I then read the original post from The Acorn by Nitin which pointed me to both these articles in the first place. And I completely agree with him when he says that plebiscite is probably not the right way to go in a situation such as this where a majority of the people will vote purely based on current sentiment and historical reasons rather than looking forward to a better future. Nitin’s suggestion that “To ensure the well-being of people in the region, including those of its neighbours, India as a whole, and not just Jammu & Kashmir, needs to place a premium on individual freedoms on the one hand, and on tolerance on the other” is probably one of the better constructed sentences in all three articles.

I personally have no answers to this tricky question, but then somebody has to ask them and ask them loud enough so that the people who can look for answers hear them.


Related links –
Desipundit link which led me to The Acorn
The Acorn post which led me to the two articles
Swaminathan Aiyar’s column in the Times of India
Vir Sanghvi’s column in the Hindustan Times

More individual Gold Medals anyone???

Ever since the oh-so-charming Abhinav Bindra won the first ever individual Olympic Gold medal for India, I have heard lots of stories and conversations among almost everybody I know where they lament the lack of quality sport training and other related infrastructure in India. And one thing that stuck me whenever I was involved in such conversations was the fact that these people were missing out on the bigger picture here.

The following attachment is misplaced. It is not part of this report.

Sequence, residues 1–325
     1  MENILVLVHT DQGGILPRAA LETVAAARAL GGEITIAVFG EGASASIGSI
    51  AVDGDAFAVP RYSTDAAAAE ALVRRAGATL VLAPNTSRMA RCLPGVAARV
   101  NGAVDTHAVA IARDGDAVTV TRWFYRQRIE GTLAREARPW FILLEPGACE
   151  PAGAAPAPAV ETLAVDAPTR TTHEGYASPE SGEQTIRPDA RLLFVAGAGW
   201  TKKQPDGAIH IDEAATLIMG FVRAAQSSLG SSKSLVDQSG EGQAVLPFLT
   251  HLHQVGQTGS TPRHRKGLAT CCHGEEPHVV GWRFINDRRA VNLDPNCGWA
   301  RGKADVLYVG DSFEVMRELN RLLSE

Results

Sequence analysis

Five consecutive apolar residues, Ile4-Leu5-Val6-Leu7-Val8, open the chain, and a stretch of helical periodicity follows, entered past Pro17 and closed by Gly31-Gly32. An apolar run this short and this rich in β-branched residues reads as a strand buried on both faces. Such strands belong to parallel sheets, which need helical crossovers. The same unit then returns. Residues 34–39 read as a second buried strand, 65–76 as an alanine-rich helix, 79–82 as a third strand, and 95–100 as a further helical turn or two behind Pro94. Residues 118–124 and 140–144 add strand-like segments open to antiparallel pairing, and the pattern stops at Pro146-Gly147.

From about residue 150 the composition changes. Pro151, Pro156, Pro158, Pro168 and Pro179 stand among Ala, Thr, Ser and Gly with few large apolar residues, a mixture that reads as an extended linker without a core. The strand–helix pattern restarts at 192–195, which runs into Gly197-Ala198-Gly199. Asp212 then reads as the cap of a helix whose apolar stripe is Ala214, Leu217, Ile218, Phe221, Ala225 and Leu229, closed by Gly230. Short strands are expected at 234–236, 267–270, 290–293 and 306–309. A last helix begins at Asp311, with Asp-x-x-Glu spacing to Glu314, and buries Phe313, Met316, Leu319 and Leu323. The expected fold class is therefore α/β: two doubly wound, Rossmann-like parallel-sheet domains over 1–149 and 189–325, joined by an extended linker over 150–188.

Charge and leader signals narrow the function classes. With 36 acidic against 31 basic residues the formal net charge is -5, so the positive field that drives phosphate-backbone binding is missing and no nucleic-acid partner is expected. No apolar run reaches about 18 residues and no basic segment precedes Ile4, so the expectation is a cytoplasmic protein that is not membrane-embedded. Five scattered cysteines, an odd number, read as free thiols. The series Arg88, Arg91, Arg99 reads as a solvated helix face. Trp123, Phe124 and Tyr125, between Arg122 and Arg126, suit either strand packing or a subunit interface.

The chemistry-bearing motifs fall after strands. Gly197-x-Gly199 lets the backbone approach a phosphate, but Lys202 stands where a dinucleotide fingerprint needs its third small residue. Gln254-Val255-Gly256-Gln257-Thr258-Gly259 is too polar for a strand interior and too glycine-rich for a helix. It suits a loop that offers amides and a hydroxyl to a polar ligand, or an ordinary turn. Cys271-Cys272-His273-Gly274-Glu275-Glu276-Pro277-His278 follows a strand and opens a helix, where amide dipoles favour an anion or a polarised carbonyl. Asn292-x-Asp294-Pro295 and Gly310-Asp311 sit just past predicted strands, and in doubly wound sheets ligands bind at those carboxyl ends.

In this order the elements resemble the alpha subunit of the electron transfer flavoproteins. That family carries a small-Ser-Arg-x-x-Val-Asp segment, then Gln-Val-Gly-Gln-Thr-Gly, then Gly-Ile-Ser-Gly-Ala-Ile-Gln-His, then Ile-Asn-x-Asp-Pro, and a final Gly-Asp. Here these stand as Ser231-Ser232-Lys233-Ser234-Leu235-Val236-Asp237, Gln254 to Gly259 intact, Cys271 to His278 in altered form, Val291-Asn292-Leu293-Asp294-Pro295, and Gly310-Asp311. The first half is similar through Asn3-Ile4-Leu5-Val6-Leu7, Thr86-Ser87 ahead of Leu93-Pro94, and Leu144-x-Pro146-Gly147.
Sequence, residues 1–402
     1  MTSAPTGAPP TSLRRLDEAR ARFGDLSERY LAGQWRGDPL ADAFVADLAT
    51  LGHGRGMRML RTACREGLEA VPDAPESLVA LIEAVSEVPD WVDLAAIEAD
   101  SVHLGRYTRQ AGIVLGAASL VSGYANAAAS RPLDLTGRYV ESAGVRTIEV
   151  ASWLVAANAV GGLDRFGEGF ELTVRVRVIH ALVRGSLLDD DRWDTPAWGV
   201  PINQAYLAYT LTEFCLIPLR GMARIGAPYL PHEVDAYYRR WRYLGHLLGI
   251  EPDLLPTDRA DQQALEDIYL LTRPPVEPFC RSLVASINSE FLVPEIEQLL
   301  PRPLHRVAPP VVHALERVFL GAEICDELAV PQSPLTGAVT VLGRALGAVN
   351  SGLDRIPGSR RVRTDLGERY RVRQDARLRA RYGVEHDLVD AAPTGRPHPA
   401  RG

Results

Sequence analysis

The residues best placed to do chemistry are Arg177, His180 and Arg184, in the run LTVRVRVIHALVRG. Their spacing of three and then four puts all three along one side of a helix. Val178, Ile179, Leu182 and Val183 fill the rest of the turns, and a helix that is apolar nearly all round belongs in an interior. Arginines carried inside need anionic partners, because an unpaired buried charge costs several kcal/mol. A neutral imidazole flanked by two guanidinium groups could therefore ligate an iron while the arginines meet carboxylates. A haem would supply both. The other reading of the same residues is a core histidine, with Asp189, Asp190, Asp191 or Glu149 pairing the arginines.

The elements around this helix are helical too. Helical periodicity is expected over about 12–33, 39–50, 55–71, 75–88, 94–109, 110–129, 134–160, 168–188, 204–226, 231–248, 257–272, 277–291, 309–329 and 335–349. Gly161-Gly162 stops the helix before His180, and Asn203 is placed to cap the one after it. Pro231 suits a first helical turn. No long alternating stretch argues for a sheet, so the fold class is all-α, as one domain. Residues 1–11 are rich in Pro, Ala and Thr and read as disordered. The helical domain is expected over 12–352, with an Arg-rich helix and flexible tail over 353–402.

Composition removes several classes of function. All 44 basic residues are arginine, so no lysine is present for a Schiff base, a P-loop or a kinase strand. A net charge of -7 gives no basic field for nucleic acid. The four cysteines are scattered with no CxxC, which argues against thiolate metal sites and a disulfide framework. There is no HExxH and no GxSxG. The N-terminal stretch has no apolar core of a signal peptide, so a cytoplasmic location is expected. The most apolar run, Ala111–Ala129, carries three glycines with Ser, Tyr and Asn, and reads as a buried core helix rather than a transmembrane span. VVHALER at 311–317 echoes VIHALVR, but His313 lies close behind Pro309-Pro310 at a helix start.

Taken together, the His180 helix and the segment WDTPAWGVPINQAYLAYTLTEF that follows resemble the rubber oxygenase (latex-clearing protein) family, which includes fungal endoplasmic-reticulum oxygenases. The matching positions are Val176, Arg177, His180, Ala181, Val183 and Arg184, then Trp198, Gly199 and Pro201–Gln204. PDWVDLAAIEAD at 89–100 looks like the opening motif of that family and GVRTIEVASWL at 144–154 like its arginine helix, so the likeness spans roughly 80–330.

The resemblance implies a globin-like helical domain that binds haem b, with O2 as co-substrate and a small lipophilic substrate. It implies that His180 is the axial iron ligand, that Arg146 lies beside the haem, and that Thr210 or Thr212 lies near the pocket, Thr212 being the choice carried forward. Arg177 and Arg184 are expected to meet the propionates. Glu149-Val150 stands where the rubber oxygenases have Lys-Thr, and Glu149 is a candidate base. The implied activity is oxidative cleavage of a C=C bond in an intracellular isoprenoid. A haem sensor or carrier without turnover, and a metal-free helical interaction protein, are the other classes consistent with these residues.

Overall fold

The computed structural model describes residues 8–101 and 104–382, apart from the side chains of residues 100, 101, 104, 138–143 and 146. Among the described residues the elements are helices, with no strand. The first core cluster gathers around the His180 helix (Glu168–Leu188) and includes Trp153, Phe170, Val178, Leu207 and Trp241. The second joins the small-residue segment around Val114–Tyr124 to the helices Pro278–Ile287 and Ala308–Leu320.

What a country like India needs today is basic infrastructure, such as roads, trains, food distribution mechanisms, means to ensure primary education to all young children, healthcare, sewage, drinking water, and not more stadiums or facilities to breed more individual Gold Medal winners. Yes, it feels good and proud to know that India finally has an individual Gold Medal but then the joy is momentary when you look out of your car window and notice the number of beggars at each and every traffic signal. Yes, there is warmth in the heart when the tricolor is unfurled and the national anthem sung at a world stage, but then there is immense sorrow when one notices the number of hungry, homeless urchins in our urban metros.

What India needs today is a working model of sustainable development and where distribution of economic wealth and social welfare is across cross-sections of society. We need to ensure that the Rich don’t get any richer at the cost of the poor getting poorer. Sports does precious little to alleviate the poor Indian’s life, and can therefore take a back seat, at least for now.

Amit Varma (of India Uncut fame) has written this article for the Wall Street Journal Asia on this topic and this article by him prompted this outburst from me. Hat tip Amit!!!


Related links –
India Uncut link to Amit’s article

Nikhil Alva – made to eat humble pie

I just came across this interesting interview with Nikhil Alva which gives us an insight into this maverick Reality Show maker’s mind. His company Miditech is currently producing show like Indian Idol, Fame Gurukul, Roadies, and if all you middle-aged people remember a show called Living on the Edge, it was Nikhil and his brother Niret who came up with concept sometime in the mid-90s when Indian television viewers had not even heard of the concept of Reality Television.